Tour de France: Armstrong wins sixth title
25 July 2004, PARIS - American Lance Armstrong made sports history Sunday when he became the first ever cyclist to win the Tour de France six times.
25 July 2004
PARIS - American Lance Armstrong made sports history Sunday when he became the first ever cyclist to win the Tour de France six times.
The 32-year-old American clinched his sixth consecutive Tour championship when he crossed the finish line on the Champs Elysees just behind the main pack in the race's final stage, won by Tom Boonen of Belgium.
Before winning this title, Armstrong had been tied with four other cyclists with five Tour titles each - the Frenchmen Jacques Anquetil and Bernard Hinault, Eddy Merckx of Belgium and Spaniard Miguel Indurain. And only one other rider, Indurain, had won five on the trot.
For the record, the winner's time for Sunday's 163-km course from Montereau to Paris was 4:08.26 hours.
The final stage of the three-week Tour is customarily a victory parade for the champion and an opportunity for fans and tourists to snap photos of the riders.
Armstrong joked with other riders and drank champagne on the leisurely ride to the French capital. He and his US Postal team led the peloton, or pack of riders, into Paris and onto the Champs Elysees, where the stage ended in a frantic sprint to the finish.
In taking the final sprint, the 23-year-old Boonen racked up his second stage win of this year's Tour in his first participation in the race.
The stage also secured the Tour sprint championship for Australia's Robbie McEwen. Richard Virenque of France won the mountain title for the seventh time, also a record.
But the three-week race belonged to Armstrong, who never really seemed in danger of being deprived of his historic victory.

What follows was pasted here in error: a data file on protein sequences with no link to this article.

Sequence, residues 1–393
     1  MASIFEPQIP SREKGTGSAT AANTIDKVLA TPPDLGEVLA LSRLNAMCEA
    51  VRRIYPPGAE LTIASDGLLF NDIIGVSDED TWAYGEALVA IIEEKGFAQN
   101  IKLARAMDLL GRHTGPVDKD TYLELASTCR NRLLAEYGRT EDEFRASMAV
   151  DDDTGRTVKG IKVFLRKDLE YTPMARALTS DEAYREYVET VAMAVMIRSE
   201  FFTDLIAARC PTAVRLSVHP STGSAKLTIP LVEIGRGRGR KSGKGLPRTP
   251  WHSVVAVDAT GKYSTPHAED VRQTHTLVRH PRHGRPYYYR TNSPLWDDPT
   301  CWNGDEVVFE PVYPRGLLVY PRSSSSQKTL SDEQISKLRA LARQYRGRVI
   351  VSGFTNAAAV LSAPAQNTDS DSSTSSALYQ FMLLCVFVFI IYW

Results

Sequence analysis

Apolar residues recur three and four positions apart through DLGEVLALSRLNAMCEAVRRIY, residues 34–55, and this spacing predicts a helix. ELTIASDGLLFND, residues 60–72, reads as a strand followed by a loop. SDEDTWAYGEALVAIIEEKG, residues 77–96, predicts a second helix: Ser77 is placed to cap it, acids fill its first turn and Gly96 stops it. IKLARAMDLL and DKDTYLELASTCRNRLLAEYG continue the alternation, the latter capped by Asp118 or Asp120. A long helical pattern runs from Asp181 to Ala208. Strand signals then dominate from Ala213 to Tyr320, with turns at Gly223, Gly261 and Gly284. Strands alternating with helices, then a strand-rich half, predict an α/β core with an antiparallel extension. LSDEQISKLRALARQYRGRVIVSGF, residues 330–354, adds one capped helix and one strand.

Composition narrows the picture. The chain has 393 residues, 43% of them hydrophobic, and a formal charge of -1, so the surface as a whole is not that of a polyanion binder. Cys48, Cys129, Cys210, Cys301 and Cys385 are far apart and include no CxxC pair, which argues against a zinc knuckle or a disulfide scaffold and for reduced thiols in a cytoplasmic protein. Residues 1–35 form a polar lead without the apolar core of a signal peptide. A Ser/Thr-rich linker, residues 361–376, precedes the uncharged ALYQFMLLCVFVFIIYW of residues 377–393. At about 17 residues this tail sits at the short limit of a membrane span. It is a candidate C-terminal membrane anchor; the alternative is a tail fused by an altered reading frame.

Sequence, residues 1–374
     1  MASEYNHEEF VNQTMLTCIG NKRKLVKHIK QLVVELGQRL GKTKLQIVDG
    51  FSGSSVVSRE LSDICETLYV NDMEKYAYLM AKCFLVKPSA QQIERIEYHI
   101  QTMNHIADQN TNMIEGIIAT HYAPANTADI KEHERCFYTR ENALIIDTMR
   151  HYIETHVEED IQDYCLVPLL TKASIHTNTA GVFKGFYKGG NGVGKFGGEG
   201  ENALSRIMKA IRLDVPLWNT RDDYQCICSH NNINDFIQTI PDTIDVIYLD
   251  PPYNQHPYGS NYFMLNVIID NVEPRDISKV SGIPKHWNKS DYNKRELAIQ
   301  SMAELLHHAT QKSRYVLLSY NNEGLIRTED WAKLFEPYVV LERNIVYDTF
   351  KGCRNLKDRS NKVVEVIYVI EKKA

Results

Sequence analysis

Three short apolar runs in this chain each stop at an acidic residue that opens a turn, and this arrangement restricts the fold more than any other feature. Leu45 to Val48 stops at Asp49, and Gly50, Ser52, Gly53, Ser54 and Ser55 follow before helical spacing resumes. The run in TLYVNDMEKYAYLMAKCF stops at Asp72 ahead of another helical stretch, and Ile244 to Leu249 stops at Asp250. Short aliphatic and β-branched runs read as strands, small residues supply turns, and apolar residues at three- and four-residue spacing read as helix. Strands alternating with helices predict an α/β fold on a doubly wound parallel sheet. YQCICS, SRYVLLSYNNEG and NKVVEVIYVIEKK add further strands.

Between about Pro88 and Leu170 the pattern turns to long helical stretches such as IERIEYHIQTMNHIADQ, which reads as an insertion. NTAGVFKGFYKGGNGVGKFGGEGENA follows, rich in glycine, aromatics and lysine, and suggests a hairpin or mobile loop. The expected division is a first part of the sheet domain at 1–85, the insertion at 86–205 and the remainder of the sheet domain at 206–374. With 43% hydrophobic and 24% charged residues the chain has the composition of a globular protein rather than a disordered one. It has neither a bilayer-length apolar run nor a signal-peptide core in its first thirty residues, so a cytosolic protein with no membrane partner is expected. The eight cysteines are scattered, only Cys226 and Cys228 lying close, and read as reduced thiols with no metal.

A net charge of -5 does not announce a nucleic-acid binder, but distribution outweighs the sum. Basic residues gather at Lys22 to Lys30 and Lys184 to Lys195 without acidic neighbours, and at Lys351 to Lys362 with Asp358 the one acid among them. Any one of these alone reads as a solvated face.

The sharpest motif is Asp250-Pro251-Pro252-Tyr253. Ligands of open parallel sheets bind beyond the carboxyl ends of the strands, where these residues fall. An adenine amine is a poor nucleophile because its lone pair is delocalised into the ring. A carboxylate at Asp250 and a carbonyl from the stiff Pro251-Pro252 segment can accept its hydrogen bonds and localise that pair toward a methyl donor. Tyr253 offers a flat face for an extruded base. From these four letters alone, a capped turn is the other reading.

After the race, a beaming Armstrong said that he was top-fit for this year's race.
"On my good days, I was 100 percent," he said. And, as usual, he shared credit with his teammates.
"The team was perfectly trained, perfectly prepared and the tactics were also perfect," Armstrong said.
The gap between the champion and the riders who completed the trifecta - 6:19 minutes to second-placed Andreas Kloeden and 6:40 to Italy's Ivan Basso in third - was flattering to the also-rans.
Armstrong dominated every aspect of the three-week Tour, winning an unprecedented four mountain stages in a row, and taking two of three individual time trials by overwhelming margins. In addition, Armstrong's U.S. Postal team won the team time trial.
The American could easily have won seven stages individually, as he lost the prologue time trial by less than 2 seconds and allowed Basso to take the win on the first stage in the Pyrenees Mountains.
So dominating was Armstrong that French media observers were lamenting the lack of suspense in the race. This was due not only to his and his team's superiority but also to the fragility of the opposition.
Most of the riders who had been touted as his most dangerous rivals performed badly, with the Spaniards Iban Mayo and Roberto Heras both dropping out of the race after falling hopelessly behind.
In addition, fellow American Tyler Hamilton was forced to quit because of a back injury suffered in a crash. Jan Ullrich of Germany was suffering from the effects of a cold in the early mountain stages and, despite regaining form in the later stages, was never again a factor.
Kloeden and Basso's showings were pleasant surprises, and both are expected to be contenders in the 2005 Tour. But will Armstrong be there to defend his title?
Media reports suggest that he will sit out the Tour next year, to devote himself to other races.
Asked about his plans on Sunday, Armstrong said, "The Tour de France is the most beautiful race in the world and the most important race in the world for me, my team and my new sponsors. I can't imagine not riding in it."
Subject: German news